Hope that helps!


The address for the capacity calculator is http://www.drobo.com/resources/drobolator.php . It picked up the ) in the above post.


I agree with Rob above that this may be what is happening with your Drobo. I have had mine for 1.5 yrs., and it has worked no matter what I threw at it. I have upgraded the capacity several times.

I hope you get your Drobo back functioning the way it is supposed to.

Thanks for your comments Rob, Steve, and Dudley.

I totally get what you're saying about drive expansion going from one 500 GB drive to a 1 TB drive. Except... When I replaced a 500 GB drive with the 1 TB, Drobo has not operated correctly since. My concern isn't that I didn't get the expansion that I wanted. My concern is that it is now malfunctioning.

If it had accepted the clean, brand new, 1 TB drive, then I could have replaced one of the other bays (they have 750 GB drives) with a larger drive to actually increase my storage capacity. So I do understand all of that.

I will contact tech support also. But here's the rub there. My unit is out of warranty. It is over 2 years old, and I am not paying the $69 a year for DroboCare, which I think is too expensive. So we will see what type of support I get on a 2+ year old unit with no DroboCare.

Two words for you: Netgear ReadyNAS.

Totally flexible and rock solid. NAS and iSCSI plus great support and flawless X-RAID expansion. Never had a problem going on years now.

I know all the TWIP/TWIT guys are drobo-fans, but you should check out the alternatives for your audience. You guys never talk about anything but drobo.

Hi Derrick,

I feel sorry for you and I'm slightly less in love too. I've a bit ahead of you in the size stakes. I recently had 3 of the 2TB drives, and a single 1TB. I replaced the 1 TB drive to a 2TB for the final expansion. I think it ground away for 5 days. It did finally come good though but I was nervous till it completed.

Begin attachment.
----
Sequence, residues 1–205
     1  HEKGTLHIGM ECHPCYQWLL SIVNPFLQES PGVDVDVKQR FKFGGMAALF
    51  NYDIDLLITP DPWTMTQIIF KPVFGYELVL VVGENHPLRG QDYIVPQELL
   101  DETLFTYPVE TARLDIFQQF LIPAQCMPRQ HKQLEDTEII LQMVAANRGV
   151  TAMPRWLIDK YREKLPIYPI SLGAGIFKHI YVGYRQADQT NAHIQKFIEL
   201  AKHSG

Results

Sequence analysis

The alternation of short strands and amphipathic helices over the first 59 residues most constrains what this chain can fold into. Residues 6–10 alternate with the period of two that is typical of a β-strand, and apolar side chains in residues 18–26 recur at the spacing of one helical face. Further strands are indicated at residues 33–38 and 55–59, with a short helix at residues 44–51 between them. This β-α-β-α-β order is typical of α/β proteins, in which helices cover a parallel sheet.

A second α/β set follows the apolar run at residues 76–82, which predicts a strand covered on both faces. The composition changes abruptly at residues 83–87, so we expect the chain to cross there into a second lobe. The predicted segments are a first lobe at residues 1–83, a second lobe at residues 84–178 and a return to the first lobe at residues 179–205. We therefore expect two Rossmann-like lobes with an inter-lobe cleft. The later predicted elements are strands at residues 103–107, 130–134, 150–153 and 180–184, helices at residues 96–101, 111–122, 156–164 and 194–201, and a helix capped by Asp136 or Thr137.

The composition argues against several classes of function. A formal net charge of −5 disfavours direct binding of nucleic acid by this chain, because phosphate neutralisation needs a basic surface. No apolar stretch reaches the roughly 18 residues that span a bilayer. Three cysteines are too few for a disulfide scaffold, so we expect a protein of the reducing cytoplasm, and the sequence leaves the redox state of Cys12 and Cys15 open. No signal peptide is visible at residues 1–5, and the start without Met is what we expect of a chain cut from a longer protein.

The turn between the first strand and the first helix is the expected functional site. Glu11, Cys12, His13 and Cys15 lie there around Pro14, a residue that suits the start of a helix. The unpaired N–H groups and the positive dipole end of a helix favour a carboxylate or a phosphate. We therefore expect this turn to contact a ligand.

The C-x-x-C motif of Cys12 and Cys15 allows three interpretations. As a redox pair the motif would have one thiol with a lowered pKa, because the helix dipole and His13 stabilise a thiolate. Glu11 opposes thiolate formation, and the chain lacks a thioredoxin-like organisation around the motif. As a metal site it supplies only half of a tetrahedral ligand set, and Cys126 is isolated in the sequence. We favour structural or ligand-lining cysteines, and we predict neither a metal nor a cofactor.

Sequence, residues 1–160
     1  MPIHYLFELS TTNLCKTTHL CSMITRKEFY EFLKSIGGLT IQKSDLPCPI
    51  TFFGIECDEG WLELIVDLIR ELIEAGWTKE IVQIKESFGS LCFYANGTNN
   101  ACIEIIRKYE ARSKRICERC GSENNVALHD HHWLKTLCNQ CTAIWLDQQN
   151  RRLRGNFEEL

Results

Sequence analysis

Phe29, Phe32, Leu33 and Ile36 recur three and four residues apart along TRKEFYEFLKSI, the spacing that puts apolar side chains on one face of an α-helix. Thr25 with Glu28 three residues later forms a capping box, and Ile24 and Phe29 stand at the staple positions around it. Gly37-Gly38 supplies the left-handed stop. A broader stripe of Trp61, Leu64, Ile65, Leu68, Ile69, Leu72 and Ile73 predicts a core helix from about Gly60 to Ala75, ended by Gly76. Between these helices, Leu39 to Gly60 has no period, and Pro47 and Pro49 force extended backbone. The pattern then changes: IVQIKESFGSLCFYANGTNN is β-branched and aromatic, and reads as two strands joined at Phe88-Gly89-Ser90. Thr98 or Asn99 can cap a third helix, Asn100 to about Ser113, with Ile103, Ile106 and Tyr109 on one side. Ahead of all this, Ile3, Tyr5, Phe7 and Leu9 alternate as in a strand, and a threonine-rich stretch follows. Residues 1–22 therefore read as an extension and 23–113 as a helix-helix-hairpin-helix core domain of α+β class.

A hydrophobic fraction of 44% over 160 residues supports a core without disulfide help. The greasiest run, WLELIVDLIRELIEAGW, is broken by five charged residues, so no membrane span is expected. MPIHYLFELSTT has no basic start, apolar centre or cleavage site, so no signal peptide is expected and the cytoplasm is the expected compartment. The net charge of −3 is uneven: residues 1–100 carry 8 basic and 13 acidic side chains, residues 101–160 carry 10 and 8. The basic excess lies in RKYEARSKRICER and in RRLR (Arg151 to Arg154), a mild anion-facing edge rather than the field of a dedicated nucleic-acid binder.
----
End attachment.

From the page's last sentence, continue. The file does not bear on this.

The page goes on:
I find them slow to access, especially with Aperture. Some might disagree, but I would say you can't run an Aperture library off a Drobo. Viewing full size and making edits is just too painful. I have to house the Aperture library on my iMac but need to keep the masters on the Drobo in a referenced kind of way. But that's a whole other discussion.

You may need to think of the Drobocare expense in a similar vein to insurance. What value do you place on your data and your time? Just a thought.

All the best
Paul Merrett

I was tempted to get a Drobo after hearing all the praising by photography podcasts, but when I looked at the reviews on Amazon, I was quickly dissuaded. The two killers were the slow speed and the proprietary software that can render you data useless and require drives be shipped to the company for data retrieval.
I went with OWC's Guardian Maximus mirrored RAID system (http://eshop.macsales.com/shop/firewire/usb/raid_1/Gmax). For $399 I got 2TB x 2TB (and the enclosure and all cables) and with Firewire 800, I work Aperture files with no waiting. I realize that Drobo has greater capacity potential, but you can buy multiple Guardian Maximus products for the price of a single Drobo enclosure (before adding in the cost of the drives). And I understand that if a drive was to fail, I could easily access the surviving drive without concern of proprietary software interfering with my access to my files.